Forms of Anxiety

Anxiety is a complex emotion, and its signs and symptoms may be manifested in different ways. Following are brief descriptions of the forms of anxiety that may occur in children and teenagers. Detailed descriptions, signs and symptoms, causes, treatment and related information can be found by linking to each disorder.

  • Separation Anxiety Disorder — Children with separation anxiety disorder (SAD) have intense anxiety about being away from home or caregivers that affects their ability to function socially and in school. The child may cling to parents, refuse to go to school, or be afraid to sleep alone. Read more.

  • Generalized Anxiety Disorder — Children with generalized anxiety disorder (GAD) have recurring fears and worries that they find difficult to control. They worry about almost everything—school, sports, being on time, even natural disasters. They may be restless, irritable, tense, or easily tired, and they may have trouble concentrating or sleeping. Children with GAD are usually eager to please others and may be “perfectionists,” dissatisfied with their own less-than-perfect performance. Read more.

  • Social Phobia — Young people with this disorder are extremely shy and have a constant fear of social or performance situations such as speaking in class or eating in public. They respond to these feelings by avoiding the feared situation. This fear is often accompanied by physical symptoms such as sweating, blushing, heart palpitations, shortness of breath, or muscle tenseness. Young people with social phobia are often overly sensitive to criticism, have trouble being assertive, and suffer from low self-esteem. Social phobia can be limited to specific situations, so the teenager may fear dating and recreational events but be confident in academic and work situations. Read more.

  • Obsessive-Compulsive Disorder — Children with OCD have frequent and uncontrollable thoughts (called “obsessions”) and may perform routines or rituals (called “compulsions”) in an attempt to eliminate the thoughts. These children and teenagers often repeat behaviors to avoid some imagined consequence. For example, a common compulsion is excessive hand washing due to a fear of germs. Other common compulsions include counting, repeating words silently, and rechecking completed tasks. In the case of OCD, these obsessions and compulsions take up so much time that they interfere with daily living and cause a great deal of anxiety. Read more.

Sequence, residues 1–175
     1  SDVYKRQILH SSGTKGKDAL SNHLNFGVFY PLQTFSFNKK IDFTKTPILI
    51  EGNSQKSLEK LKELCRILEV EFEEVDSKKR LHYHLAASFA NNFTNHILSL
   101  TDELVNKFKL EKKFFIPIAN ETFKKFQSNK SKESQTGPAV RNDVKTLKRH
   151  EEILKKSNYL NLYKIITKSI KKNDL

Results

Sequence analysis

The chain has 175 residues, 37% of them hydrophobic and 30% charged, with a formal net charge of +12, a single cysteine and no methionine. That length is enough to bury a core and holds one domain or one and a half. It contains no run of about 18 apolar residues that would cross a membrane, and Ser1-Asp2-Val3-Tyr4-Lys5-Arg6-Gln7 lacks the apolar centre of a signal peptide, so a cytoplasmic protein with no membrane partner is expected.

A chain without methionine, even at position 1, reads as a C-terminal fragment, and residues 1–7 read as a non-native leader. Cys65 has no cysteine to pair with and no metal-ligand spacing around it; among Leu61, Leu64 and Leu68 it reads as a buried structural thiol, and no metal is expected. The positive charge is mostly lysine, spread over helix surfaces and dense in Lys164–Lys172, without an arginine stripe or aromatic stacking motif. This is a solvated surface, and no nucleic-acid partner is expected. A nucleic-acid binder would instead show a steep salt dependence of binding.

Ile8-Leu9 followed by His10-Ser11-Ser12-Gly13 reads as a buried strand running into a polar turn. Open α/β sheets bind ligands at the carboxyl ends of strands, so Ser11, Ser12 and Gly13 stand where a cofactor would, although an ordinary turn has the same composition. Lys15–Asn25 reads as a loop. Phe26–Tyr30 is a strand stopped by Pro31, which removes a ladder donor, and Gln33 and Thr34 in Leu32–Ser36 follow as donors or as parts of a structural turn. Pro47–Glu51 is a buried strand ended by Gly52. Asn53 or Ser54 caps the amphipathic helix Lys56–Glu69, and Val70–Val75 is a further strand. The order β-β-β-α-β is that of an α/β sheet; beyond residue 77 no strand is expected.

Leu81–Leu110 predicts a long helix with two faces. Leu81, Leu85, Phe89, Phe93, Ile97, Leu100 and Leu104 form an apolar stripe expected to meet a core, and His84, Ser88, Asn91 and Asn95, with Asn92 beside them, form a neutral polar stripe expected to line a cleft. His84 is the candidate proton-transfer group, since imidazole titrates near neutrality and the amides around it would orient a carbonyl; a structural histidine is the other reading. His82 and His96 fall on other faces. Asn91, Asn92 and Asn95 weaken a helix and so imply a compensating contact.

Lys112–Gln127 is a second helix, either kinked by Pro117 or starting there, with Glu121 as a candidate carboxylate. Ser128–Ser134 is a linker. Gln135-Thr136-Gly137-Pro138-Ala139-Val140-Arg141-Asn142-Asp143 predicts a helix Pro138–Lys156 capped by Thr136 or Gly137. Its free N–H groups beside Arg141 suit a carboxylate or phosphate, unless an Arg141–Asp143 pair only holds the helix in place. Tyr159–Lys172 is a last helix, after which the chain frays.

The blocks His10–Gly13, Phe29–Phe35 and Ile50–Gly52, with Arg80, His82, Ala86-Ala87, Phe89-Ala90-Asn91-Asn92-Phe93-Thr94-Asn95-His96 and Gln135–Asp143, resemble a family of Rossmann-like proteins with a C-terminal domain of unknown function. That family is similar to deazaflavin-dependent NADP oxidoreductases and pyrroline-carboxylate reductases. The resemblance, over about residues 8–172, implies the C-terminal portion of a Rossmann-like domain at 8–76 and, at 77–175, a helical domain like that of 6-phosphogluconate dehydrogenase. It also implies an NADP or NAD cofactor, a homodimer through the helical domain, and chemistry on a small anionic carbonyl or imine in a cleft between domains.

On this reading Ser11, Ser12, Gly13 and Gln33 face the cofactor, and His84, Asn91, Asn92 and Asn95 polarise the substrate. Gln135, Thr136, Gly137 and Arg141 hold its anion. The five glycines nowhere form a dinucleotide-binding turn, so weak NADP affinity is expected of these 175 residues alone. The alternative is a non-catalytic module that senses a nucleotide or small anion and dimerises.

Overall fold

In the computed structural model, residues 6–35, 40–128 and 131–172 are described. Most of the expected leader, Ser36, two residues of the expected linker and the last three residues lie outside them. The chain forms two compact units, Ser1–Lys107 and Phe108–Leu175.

• Post-Traumatic Stress Disorder — Children who experience a physical or emotional trauma such as witnessing a shooting or disaster, surviving physical or sexual abuse, or being in a car accident may develop post-traumatic stress disorder (PTSD). A child may “re-experience” the trauma through nightmares, constant thoughts about what happened, or reenacting the event while playing. A child with PTSD may experience symptoms of general anxiety, including irritability or trouble sleeping and eating. Read more.

  • Acute Stress Disorder — This disorder refers to the immediate reaction of intense fear, helplessness, or horror of a person exposed to a traumatic event, during which the person experienced, witnessed or was confronted with a situation involving actual or threatened death or serious injury. Examples are rape, mugging. Read more.

  • Panic Disorder (with or without Agoraphobia) — is characterized by recurrent, unexpected panic attacks that may include trouble breathing, lightheadedness, rapid heart rate, shortness of breath. As a result people with this disorder feels intense fear when in certain situations or places. May or may not accompany agoraphobia. Read more.

  • Agoraphobia — involves intense fear and avoidance of any place or situation where escape might be difficult or help unavailable if the individual should develop sudden panic-like symptoms. Examples include being in a car or being in crowds. Read more.

  • Specific Phobia — refers to an intense, unreasonable fear of a specific object or situation. Some common phobias are animals, flying, lightening. Read more.

  • Selective Mutism — anxiety regarding speaking in some environments. Typically, children will speak at home within the family, but not in school or in unfamiliar situations. Read more.

  • School Refusal Behavior — refers to children who are entirely absent or truant from school or leave during the day. Although not a disorder listed in the Diagnostic and Statistical Manual of Mental Disorders - IV (DSM-IV), it can be associated with Social Anxiety Disorder, Separation Anxiety Disorder, Social Phobia, and Conduct Disorder. Read more.